The story is set in the city of Melbourne in the latter half of the 19th century, when it was growing rapidly, due to the gold flowing from Ballarat and Bendigo in mid-Victoria. It concerns Dr James Beaney, a very colourful and controversial surgeon, who amassed a fortune from his practice, and displayed it in the jewellery he wore, the mansion he had built (which still exists today) and in his social life. He was, however, a generous benefactor to the Melbourne University and hospitals in Melbourne, as well as to his birthplace, the city of Canterbury in Kent.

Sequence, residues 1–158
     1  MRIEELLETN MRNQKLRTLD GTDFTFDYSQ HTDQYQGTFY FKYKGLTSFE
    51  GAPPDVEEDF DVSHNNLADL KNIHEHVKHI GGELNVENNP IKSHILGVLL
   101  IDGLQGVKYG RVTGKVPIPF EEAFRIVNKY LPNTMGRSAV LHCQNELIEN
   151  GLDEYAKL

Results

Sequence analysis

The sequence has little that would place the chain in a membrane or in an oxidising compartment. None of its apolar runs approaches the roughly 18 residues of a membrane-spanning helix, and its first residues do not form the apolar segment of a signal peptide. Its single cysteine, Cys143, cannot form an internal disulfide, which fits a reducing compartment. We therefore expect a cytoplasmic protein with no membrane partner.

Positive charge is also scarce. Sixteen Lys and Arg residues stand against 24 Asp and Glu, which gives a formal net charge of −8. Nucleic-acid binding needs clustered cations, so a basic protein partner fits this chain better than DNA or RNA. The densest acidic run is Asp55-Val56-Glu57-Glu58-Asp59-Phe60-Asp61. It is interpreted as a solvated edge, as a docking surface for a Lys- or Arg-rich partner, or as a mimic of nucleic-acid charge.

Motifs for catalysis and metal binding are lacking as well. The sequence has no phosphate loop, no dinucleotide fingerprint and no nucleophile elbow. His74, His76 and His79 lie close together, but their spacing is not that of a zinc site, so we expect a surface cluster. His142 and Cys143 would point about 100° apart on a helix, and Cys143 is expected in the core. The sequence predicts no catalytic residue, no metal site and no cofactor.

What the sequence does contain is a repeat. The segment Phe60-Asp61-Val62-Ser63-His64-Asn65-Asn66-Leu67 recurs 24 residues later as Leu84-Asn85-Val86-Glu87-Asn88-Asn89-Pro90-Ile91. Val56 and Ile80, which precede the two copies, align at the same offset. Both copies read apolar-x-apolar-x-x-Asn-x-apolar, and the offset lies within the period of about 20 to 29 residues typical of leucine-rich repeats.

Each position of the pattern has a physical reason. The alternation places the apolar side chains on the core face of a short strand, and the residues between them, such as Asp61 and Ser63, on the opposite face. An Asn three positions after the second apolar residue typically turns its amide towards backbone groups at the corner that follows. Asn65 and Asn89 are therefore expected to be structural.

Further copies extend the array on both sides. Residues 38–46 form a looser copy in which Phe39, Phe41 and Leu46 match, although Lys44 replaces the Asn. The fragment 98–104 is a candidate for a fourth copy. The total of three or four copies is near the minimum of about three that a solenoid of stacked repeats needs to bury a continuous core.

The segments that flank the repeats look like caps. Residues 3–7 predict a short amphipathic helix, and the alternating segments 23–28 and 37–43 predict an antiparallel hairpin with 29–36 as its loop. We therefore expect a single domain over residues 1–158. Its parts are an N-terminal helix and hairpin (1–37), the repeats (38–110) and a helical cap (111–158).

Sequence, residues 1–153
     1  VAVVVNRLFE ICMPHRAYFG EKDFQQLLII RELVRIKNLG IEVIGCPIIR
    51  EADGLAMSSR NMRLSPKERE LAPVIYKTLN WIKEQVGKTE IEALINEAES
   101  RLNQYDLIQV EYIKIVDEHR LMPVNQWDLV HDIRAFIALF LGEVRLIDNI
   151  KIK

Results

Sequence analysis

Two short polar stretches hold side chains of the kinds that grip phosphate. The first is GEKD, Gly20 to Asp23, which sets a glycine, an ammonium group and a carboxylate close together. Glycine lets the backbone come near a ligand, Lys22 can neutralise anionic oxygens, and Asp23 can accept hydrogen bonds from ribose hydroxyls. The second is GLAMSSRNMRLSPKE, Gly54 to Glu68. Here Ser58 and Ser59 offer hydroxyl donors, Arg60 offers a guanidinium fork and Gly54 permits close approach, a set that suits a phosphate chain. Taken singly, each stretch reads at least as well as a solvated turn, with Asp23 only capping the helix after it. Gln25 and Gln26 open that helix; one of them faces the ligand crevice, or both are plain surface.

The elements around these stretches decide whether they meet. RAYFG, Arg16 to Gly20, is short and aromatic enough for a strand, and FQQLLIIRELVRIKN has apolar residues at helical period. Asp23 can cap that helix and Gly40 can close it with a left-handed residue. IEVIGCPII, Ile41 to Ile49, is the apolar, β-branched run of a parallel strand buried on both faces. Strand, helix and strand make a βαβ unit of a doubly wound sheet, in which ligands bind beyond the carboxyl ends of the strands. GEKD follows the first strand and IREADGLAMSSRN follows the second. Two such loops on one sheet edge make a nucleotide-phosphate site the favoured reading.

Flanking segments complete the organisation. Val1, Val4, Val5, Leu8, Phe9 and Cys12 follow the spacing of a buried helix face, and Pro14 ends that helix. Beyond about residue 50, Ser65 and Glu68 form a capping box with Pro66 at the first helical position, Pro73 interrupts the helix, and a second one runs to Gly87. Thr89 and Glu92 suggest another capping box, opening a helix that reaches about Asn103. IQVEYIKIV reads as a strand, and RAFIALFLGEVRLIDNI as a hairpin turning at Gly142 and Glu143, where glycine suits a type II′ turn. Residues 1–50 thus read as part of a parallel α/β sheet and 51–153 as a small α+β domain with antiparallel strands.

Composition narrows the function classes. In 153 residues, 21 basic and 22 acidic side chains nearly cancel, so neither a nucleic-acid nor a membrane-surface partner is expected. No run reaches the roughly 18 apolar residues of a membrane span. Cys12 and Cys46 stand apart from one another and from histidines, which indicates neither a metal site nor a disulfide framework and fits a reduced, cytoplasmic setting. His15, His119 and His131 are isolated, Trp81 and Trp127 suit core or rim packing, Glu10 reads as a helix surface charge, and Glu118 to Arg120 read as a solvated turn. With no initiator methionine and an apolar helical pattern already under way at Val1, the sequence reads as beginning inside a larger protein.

Having weathered two harrowing court cases a decade before, Beaney, shortly after his re-appointment to the Melbourne Hospital in 1875, was implicated in another court case following the death of a patient he had operated on for a large bladder stone. Unwisely he had a facsimile of the stone made and placed in the window of a Collins Street book shop. An inquest was called for following correspondence in the press, particularly one letter from an unknown surgeon, which was highly critical of Beaney. The inquest is outlined in considerable detail and the skill displayed by James Purves, the brilliant young barrister who defended him, will be evident to the reader.
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